A few years ago, says Ms Gao, Thailand and Singapore were popular with Chinese tourists. Some have "got tired" of these destinations, with Dubai a beneficiary.
The increasing popularity of the UAE among Chinese tourists is part of a wider trend for citizens from the world's most populous nation to travel abroad. Last year, according to China's national tourism administration (NTA), 57.4 million Chinese took trips abroad, a jump of 20.4 per cent on 2009. The NTA expects the figure to be about 84 million by 2015.
"My hotel has seen a threefold increase [in guests from China] in the months of May and June," says Habib Khan, the general manager of the Arabian Courtyard Hotel and Spa in Dubai. "The Chinese will come because of the low prices. Dubai has become so affordable."
Hoteliers say there was a surge in Chinese visitors in February during the Chinese New Year, when the Dubai Shopping Festival was also taking place.
"China is an important market," says Syed Zulfiqar Mehdi, the director of sales and marketing at the Samaya hotel, a luxury property in Deira.
The DTCM, which opened offices in Beijing, Shanghai and Guangzhou, is engaged in an intensive effort to attract many travellers from "second-tier" cities, as they are referred to in China. These places such as Xi'an, Jinan and Harbin have several million residents each, people whose disposable incomes have risen dramatically on the back of years of double-digit economic growth.
"The tourists in second-tier cities are richer, they can afford this destination, but they are short of knowledge about Dubai. The UAE is quite a new destination for them," Ms Gao says.
"They think they cannot afford it, but we tell them they can. They're surprised, and then they're eager to go."
In a dozen second-tier cities this year, DTCM is running seminars where travel agents receive training about Dubai and what it has to offer to help them better market the Emirates as a destination. The organisation ran similar events in 10 second-tier cities last year. These seminars also help UAE hotels and airlines strike promotional agreements with agents, reducing the cost of package trips.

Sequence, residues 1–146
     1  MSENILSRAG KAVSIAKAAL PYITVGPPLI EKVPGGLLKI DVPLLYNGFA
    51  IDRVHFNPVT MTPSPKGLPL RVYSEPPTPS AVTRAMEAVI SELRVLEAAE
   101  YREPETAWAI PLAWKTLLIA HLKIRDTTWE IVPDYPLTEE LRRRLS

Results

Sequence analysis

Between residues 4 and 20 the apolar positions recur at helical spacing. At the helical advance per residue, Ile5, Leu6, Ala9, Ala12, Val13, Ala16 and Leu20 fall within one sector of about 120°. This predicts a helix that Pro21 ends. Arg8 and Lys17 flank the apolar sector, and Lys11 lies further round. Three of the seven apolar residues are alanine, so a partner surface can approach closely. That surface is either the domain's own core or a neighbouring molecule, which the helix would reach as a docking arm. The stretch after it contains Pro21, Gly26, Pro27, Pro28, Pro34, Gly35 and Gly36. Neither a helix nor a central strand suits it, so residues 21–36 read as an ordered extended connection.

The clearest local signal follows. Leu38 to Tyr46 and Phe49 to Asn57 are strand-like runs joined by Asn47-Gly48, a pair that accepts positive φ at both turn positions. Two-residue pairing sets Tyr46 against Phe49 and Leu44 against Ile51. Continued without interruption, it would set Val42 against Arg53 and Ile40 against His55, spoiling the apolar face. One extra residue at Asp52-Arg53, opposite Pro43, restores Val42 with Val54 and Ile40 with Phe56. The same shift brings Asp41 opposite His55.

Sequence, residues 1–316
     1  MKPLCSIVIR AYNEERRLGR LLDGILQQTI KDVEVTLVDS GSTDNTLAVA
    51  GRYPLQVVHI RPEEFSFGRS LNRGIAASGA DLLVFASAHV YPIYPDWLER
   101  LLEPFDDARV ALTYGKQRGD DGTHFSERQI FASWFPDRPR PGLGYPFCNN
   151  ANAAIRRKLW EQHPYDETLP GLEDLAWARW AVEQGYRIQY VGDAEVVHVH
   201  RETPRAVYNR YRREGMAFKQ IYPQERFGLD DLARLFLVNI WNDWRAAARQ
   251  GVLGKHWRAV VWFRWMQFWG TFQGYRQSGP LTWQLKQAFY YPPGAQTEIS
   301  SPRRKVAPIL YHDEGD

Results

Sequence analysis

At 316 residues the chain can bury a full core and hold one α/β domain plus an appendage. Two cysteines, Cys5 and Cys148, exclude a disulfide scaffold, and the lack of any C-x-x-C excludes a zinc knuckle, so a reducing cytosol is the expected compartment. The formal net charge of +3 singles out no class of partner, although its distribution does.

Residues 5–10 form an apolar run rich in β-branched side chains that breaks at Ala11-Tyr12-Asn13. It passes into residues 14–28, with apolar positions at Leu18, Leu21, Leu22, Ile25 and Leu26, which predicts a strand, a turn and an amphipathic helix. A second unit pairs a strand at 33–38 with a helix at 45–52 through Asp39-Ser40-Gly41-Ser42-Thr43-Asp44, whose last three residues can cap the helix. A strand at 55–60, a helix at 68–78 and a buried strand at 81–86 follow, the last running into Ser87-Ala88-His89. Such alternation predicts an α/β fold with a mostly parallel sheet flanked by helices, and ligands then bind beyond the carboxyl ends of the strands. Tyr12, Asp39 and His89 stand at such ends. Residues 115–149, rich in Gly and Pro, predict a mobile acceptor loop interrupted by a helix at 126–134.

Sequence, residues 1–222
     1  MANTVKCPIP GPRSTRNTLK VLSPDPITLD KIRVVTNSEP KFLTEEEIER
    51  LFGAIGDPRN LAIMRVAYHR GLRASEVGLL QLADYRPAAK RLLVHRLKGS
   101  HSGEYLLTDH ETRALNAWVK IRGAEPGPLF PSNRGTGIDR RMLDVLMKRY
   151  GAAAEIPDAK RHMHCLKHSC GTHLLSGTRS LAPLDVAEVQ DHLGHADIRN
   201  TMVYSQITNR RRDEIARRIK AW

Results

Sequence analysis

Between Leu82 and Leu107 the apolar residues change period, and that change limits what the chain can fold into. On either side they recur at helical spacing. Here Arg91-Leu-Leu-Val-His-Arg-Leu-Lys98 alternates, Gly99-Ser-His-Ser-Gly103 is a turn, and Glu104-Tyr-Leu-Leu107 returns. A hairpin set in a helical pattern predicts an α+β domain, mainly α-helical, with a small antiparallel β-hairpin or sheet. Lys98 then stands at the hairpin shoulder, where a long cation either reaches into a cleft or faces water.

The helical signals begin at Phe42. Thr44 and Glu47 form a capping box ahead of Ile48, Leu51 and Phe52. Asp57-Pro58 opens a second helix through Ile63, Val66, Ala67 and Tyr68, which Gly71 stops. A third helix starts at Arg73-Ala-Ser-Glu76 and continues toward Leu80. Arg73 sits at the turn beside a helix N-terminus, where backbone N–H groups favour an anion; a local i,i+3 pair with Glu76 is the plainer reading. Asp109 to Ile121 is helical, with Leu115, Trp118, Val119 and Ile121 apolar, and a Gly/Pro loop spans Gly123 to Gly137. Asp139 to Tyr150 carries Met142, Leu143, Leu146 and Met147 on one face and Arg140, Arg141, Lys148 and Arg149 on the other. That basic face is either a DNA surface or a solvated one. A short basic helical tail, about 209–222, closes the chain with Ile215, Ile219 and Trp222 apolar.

The Abu Dhabi Tourism Authority (ADTA), which like the DTCM has offices in Beijing, Shanghai and Guangzhou, has also held "destination workshops" for travel agents where the capital's many attractions are highlighted. Two years ago ADTA won an award for its marketing efforts from Travel Weekly China magazine.
The organisation said the emirate offered an "authentic" and "exotic" experience that appealed to Chinese cultural tourists, and with more Chinese travelling abroad, the numbers visiting the UAE capital were likely to increase.
"The market prospects are very impressive," the organisation said.
Prof Zhang also believes the UAE's share of China's ever-increasing tally of foreign tourists is likely to grow.
"As long as it's stable and safe, definitely [growth will continue]," she says. "It represents luxury and a good variety of different activities. With these I am confident there will be a lot of Chinese people going there."